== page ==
Making the best use of the time we’ve been given

Published 9:48 am Thursday, March 26, 2020

The outbreak of the COVID-19 virus has certainly clipped our wings.

Nevermore has it been evident that we are a people on the move, whether it’s going to work or just getting out running daily errands. We live in a mobile world and this adjustment to staying home has many of us in a state of bewilderment.

What is there to do?

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There are many, of course, who are now working from their house and school children have begun to adapt to studying their lessons from home.

But let’s face it, neither professional nor student are working around the clock, so in those off times, what is there to do?

This question reminded me of my childhood days, as well as when my children were home from school.

The long-anticipated summer vacation finally arrives, and then hardly two days into it, the kids began saying, “I’m bored. What is there to do?”

And like I told them, and my mom told me, “find something to do.”

In talking to people and scrolling through Facebook, I see there are some who have found something to do and are taking advantage of this time at home to do those things they said they would do when they had more time.

Well, now we all have more time.

My dad is cleaning out the drawers at his home office, and I saw where my friend Jan Blackledge has been sorting through old photographs.

These are two really great ideas of what to do, so I thought I would make me a list of things I could do while social distancing.

  • I could eradicate, at least for the time being, all the weeds in my flower beds.
  • I could better organize my upstairs closet that is filled with dance costumes, old sheets, and a hoard of pillows and lamps.
  • I could look through my kitchen cabinets and decide what I could let go of since I don’t bake nearly like I used to.
  • I could write notes to people that I keep saying I need to write a note to.
  • I could sit and read outside of my nightly ritual.
  • I could hand wash my car.
  • I could clean out the garage.
  • Like my friend, I could go through my thousands of photographs and organize them.
  • I could binge-watch television shows and movies I had missed out on or I could start that book I keep saying I’m going to write.

This time away from all the hustle and bustle could also serve as a period of thoughtful introspection.

Each day, like many, I am hoping and praying life as we know it will hurry up and get back to normal from this pandemic, but until it does, what are you going to do while at home?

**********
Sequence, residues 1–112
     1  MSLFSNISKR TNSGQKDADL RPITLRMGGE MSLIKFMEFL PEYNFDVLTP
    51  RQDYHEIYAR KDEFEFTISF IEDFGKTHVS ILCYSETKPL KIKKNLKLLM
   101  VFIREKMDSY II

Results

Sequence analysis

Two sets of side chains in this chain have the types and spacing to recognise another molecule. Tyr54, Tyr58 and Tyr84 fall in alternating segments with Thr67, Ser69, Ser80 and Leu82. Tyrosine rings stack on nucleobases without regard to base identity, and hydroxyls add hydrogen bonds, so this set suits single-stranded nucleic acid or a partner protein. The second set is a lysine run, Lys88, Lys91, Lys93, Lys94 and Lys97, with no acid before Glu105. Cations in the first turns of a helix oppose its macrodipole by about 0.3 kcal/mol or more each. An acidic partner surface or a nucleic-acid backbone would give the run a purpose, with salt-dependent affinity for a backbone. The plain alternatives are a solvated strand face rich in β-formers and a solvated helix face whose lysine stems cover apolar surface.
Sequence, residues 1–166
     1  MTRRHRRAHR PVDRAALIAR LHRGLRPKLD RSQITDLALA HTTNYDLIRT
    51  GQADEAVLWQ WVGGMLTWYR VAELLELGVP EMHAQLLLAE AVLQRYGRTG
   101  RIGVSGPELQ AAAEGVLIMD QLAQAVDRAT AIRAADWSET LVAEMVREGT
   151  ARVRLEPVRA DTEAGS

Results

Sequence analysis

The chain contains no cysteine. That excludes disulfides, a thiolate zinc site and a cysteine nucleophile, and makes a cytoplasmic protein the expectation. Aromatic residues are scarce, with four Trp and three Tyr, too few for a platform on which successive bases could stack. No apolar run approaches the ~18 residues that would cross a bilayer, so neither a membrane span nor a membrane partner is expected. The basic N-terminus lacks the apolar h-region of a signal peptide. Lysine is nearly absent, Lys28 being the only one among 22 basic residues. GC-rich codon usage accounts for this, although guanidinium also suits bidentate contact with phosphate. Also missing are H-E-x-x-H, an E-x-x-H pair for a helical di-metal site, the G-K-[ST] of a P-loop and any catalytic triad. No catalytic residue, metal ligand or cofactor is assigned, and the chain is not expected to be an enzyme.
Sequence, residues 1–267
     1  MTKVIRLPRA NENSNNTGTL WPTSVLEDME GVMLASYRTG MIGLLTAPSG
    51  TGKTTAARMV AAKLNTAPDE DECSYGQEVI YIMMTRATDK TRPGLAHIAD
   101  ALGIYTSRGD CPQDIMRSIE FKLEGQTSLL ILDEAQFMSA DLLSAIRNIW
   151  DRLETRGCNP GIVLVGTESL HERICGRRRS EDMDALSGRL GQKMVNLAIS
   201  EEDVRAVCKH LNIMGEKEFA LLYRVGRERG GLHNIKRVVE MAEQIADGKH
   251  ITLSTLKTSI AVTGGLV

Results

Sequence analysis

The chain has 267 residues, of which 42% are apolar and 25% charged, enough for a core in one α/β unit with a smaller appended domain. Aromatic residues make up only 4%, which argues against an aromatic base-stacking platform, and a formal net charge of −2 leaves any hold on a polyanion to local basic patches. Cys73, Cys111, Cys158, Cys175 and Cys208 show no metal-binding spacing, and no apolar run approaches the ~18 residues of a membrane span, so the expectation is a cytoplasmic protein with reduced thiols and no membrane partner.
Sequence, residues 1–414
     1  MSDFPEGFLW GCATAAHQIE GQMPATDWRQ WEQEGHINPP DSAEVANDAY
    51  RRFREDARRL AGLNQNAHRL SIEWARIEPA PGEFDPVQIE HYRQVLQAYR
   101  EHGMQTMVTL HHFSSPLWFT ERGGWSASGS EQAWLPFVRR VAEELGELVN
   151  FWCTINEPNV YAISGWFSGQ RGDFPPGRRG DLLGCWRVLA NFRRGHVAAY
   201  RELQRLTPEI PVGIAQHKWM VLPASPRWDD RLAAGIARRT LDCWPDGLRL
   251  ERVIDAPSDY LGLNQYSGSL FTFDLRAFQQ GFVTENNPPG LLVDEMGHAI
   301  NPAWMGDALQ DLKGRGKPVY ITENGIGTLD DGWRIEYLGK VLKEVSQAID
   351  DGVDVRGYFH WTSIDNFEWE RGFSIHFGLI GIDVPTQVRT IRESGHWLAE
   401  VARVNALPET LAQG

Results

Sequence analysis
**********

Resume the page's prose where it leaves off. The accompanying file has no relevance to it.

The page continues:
Terri Cowart Frazier is a staff writer for The Vicksburg Post. She can be reached at terri.frazier@vicksburgpost.com.

About Terri Cowart Frazier

Terri Frazier was born in Cleveland. Shortly afterward, the family moved to Vicksburg. She is a part-time reporter at The Vicksburg Post and is the editor of the Vicksburg Living Magazine, which has been awarded First Place by the Mississippi Press Association. She has also been the recipient of a First Place award in the MPA’s Better Newspaper Contest’s editorial division for the “Best Feature Story.”

Terri graduated from Warren Central High School and Mississippi State University where she received a bachelor’s degree in communications with an emphasis in public relations.

Prior to coming to work at The Post a little more than 10 years ago, she did some freelancing at the Jackson Free Press. But for most of her life, she enjoyed being a full-time stay at home mom.

Terri is a member of the Crawford Street United Methodist Church. She is a lifetime member of the Vicksburg Junior Auxiliary and is a past member of the Sampler Antique Club and Town and Country Garden Club. She is married to Dr. Walter Frazier.

“From staying informed with local governmental issues to hearing the stories of its people, a hometown newspaper is vital to a community. I have felt privileged to be part of a dedicated team at The Post throughout my tenure and hope that with theirs and with local support, I will be able to continue to grow and hone in on my skills as I help share the stories in Vicksburg. When asked what I like most about my job, my answer is always ‘the people.’

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